A new bug in Windows Mail - version for 64-bit Vista SP2?

I've been seeing a consistent problem with Windows Mail lately,
the version for 64-bit Vista Home Premium SP2. Whenever I
try to enter a storage folder with 126891 unread news messages
(mainly to divide up the contents of the folder), Windows Mail
stops working correctly and offers me a chance to send in more
information along with the bug report.

When I enter a different folder with 73181 unread news messages,
things are a little slow but otherwise normal.

Some of the other problems I've seen on the same machine
suggest that a collection of programs compiled to run in 32-bit
mode cannot make full use of the 8 GB of memory this machine
has; only the lowest 4 GB, all that 32-bit addresses can address
directly. Is it true that Vista lacks the memory mapping needed
to run 32-bit mode programs at addresses above the lowest 4
GB? Also, is is true that the version of Windows Mail that
comes with 64-bit Vista has at least some part that must run in
32-bit mode?

When I have a set of BOINC programs running, with permission
to use up to 4 GB of memory, it could easily come close to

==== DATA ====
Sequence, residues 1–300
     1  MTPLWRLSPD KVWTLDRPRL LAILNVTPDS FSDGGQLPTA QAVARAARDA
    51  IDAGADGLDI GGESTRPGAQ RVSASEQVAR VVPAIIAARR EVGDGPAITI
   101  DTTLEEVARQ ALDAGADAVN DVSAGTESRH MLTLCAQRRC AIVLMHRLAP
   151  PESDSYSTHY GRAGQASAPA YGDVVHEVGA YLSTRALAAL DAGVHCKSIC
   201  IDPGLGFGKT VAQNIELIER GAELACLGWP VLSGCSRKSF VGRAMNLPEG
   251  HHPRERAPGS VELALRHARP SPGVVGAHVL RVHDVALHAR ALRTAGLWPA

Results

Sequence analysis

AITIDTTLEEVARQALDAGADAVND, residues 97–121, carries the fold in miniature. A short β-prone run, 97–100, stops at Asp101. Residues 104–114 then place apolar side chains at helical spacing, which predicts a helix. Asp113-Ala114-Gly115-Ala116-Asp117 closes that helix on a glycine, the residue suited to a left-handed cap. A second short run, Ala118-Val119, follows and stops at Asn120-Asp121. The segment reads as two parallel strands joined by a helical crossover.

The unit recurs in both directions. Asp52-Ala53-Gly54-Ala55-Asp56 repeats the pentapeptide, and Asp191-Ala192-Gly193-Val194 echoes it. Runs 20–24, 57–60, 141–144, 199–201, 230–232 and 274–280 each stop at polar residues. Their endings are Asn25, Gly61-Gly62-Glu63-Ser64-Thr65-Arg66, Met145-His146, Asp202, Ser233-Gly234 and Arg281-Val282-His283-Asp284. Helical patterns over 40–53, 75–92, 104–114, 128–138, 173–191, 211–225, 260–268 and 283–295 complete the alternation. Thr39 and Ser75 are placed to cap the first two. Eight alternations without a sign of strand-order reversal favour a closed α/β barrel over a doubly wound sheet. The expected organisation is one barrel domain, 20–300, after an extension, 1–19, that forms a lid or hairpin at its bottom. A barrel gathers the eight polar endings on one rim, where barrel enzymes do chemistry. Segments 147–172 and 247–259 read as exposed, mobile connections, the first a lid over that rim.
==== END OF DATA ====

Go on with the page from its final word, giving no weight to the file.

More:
exhausting the lowest 4 GB of memory, since most of the
BOINC workunit programs were compiled to run in 32-bit
mode. However, neither BOINC nor Vista seems to offer
any memory restrictions specific to the use of the lowest 4 GB.

I've seen enough problems reported in the
microsoft.public.windows.live.mail.desktop newsgroup with
the Windows Live Mail user interface that I'm hesitant to
consider switching to that program. In particular, some of the
problem reports refer to functions controlled with buttons
labelled only with symbols, not with words. Since I'm rather
slow at learning the meaning of symbols not labelled with words,
I want to avoid using any programs that use such symbols.
Does the WLM program have the option of making labels of
the symbols appear in words, perhaps only when the cursor
is close enough to the symbol?

Or, is there any other workaround for splitting up such a large
folder of unread news messages?

Robert Miles